Thread Talk from my Sewing Machine #39

I received the following email from Jean in Arkansas.  Jean graciously allowed me to share with you our conversation:

“Hi Wendy, I’m one of your former Rogers Sewing Center pupils & follow your blog regularly.  I’ve been working on my free-motion quilting, this is my first “feathers” on a quilt.  Main body of the quilt has over-all design of flowers, leaves, few jester’s crowns, few squiggles.  Outside border is diamonds of the on-point blocks plus some leaves/vines through them.  Anyway, some questions— you told me once to reduce the speed of my machine when using BSR, I set it on 400 instead of default 900; do I need to go slower?  [Wendy’s note:  Jean uses a Bernina machine that has stitch-regulating capability <BSR>] Also I have trouble when I back track, don’t go over the previous stitches, feel like I can’t see where to back track.  I’ve tried all the BSR feet, this quilt I used the big, clear plastic foot of the BSR.  Do I just need more practice?  I seem to get some funky plumes & not sure where to go sometimes & get funny ones.  At least I’ve progressed from “in the ditch” and stippling on every quilt… Thanks for any advice.”

My answer to Jean:

To answer your questions:
1.  Reducing the machine speed wouldn’t really help because the machine is not feeding the quilt anymore, you are!  So try reducing the speed with which you move your quilt so that you are literally stitching one stitch at a time.  That should help tremendously.

2.  Re: backtracking – I will really slow down the way you move your quilt (see #1).
The other thing is to watch where your needle lands when you are stitching slowly.  That will train your eye to eventually anticipate a couple of stitches ahead of your needle – that will help you know where to go, and that will help with the accuracy of your stitching path.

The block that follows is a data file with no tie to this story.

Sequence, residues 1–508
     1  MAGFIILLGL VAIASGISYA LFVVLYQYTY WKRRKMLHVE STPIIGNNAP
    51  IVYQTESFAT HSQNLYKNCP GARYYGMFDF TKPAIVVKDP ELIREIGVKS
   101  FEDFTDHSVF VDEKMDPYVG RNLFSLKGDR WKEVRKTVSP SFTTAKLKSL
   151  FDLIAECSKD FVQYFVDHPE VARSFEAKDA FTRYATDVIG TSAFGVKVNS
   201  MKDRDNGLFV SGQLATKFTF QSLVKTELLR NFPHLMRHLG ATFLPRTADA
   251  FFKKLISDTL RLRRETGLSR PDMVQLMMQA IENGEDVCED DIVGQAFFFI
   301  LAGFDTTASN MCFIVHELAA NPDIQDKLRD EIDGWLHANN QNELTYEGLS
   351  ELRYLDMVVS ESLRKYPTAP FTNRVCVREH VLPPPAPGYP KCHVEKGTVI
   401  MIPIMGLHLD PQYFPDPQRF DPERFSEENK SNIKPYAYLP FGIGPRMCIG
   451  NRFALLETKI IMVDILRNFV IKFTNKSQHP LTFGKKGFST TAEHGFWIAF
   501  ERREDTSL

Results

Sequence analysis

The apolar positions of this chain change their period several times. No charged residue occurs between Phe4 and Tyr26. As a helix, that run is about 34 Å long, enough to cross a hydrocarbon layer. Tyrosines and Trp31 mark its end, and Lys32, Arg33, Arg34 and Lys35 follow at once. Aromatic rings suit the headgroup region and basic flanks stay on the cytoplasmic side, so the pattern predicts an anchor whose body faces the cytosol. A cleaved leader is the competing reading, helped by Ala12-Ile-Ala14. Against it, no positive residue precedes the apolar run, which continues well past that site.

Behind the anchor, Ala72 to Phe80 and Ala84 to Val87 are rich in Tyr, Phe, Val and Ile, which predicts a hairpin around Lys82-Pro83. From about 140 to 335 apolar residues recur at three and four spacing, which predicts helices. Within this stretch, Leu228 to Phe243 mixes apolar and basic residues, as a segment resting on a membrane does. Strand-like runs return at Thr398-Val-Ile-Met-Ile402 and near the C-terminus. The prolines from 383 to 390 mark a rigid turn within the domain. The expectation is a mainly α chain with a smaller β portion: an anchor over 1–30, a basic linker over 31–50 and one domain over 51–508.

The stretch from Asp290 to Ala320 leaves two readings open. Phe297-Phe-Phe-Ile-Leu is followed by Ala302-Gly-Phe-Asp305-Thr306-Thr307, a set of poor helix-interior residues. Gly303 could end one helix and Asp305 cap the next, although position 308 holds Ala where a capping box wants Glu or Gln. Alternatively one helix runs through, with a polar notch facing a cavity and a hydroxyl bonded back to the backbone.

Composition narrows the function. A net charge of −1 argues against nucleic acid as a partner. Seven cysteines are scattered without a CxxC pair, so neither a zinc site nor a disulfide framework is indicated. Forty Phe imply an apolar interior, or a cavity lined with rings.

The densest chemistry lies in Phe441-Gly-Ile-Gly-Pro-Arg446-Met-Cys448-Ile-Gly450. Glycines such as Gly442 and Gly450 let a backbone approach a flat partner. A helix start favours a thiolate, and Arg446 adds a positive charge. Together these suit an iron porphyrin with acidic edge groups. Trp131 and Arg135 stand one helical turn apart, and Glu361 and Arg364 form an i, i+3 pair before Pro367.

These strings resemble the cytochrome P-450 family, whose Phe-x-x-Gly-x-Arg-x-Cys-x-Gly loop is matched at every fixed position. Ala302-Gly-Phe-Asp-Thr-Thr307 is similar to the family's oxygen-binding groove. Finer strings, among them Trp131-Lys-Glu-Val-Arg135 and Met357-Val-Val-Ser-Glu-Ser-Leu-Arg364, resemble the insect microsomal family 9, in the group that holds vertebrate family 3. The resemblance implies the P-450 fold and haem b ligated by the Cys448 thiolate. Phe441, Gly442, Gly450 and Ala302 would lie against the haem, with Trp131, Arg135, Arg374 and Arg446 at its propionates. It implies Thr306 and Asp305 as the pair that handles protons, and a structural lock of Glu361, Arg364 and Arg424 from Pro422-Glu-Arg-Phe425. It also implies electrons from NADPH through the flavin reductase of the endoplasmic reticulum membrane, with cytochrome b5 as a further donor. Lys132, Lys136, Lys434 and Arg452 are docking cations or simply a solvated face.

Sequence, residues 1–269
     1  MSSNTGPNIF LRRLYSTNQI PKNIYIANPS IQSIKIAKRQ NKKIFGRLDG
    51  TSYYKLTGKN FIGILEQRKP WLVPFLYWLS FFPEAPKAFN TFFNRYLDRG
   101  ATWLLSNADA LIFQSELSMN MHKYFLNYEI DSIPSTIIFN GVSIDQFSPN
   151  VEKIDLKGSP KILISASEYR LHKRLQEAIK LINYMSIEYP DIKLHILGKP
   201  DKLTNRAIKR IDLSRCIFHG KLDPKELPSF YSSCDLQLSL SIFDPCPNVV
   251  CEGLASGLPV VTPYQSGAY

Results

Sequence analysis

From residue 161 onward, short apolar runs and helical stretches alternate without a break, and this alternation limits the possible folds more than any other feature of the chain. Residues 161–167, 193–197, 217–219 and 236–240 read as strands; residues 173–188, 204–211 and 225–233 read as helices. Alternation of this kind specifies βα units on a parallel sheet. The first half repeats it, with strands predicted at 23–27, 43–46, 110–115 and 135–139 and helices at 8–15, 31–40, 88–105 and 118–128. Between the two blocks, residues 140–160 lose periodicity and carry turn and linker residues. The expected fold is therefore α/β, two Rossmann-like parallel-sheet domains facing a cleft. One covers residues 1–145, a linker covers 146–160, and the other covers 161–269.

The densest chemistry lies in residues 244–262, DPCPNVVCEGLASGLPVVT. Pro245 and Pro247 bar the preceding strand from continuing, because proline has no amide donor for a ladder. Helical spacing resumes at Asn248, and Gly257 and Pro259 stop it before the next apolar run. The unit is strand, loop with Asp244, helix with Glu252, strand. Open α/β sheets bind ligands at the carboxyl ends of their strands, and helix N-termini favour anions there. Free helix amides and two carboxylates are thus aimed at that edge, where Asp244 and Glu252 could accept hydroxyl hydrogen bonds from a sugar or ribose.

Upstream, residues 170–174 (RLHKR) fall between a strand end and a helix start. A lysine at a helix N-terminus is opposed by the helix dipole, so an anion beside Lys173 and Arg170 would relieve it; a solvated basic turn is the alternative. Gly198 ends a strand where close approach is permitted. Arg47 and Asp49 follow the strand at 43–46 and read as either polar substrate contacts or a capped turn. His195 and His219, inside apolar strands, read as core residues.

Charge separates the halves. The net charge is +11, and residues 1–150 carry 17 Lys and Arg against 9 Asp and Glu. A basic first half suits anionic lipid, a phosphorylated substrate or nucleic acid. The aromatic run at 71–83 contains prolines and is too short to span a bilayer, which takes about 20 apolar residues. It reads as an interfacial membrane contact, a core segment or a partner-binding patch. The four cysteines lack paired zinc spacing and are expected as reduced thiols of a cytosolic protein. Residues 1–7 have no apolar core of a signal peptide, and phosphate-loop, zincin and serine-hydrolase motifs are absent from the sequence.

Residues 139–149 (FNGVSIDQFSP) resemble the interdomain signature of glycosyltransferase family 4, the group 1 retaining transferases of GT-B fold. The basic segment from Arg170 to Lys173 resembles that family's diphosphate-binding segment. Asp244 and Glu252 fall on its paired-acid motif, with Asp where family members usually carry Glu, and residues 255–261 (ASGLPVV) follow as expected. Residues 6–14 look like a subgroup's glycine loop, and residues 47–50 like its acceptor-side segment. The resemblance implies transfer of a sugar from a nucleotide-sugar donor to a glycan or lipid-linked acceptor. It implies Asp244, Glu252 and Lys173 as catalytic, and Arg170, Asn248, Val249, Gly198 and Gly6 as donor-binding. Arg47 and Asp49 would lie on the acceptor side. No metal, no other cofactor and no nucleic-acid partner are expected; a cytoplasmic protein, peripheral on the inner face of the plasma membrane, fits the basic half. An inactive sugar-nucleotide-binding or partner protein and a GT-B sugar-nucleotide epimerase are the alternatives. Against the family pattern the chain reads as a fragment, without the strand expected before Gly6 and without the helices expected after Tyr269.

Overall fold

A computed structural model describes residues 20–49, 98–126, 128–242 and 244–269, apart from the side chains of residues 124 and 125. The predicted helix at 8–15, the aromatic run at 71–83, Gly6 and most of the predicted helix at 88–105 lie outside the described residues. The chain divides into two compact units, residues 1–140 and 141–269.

3.  Re: quilting foot – I almost exclusively use the open toe foot because it gives me the best visibility.

4.  Re: funky plumes and not sure where to go – Keep doodling on paper until you get a nicely formed feather plume, and then move the “doodling” to your quilt, except this time use the needle to doodle instead of a pen/pencil.

5:  Re: more practice – Absolutely!  Keep up with the quilting, and you will for sure improve!

***

All those 2 cents said, I think the quote of the day is Jean saying “At least I’ve progressed from “in the ditch” and stippling on every quilt…”!  I absolutely LOVE the fact that Jean stepped out of her comfort zone, and did something different and brave.  For that, Jean deserves a huge round of applause.  We are ALL learning in this quilting world, and in life!  So I say to Jean, “Keep up the good work!”.

I hope Jean’s story encouraged you today to try something new and daring, not necessarily “quilty” in nature.

Have a marvelous day!

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Sweet Bouquets in QUILTER’S WORLD (April 2012)

Dear Friends, I hope you are doing well.  The weather at my end of the world seems to be warming up, and we are quite excited about that!  The warm weather is just what we need to welcome in some sweet blossoms in real life.  That’s what I had in mind when I designed my Sweet Bouquets quilt for Quilter’s World‘s April 2012 issue.

[Image courtesy of http://www.quiltersworld.com]

I also unofficially named this quilt “Bright and Morning Star” because the fresh and soft color palette of the quilt reminds me of the hope I have in my Lord.

The quilt used fabrics from Eleanor Burn‘s Perennials II collection, released by Benartex.  I love the garden-feel of these fabrics.

Now to the quilting – I set out to challenge myself to quilt something that would look totally different on the back compared to the piecing scheme on the front.  Now, see if you know what I mean…  the stars on the front don’t really show up on the back.  Instead, a variation of pickle dish/orange peel quilting scheme does.

Again, quilting was done using Aurifil‘s Mako 50 Cotton over Hobbs Tuscany Silk batt.

What spring projects do you have on your plate this year?  Do share – I am anxious to know!  Thanks for stopping by.  I appreciate your visits, as always.  Till next time.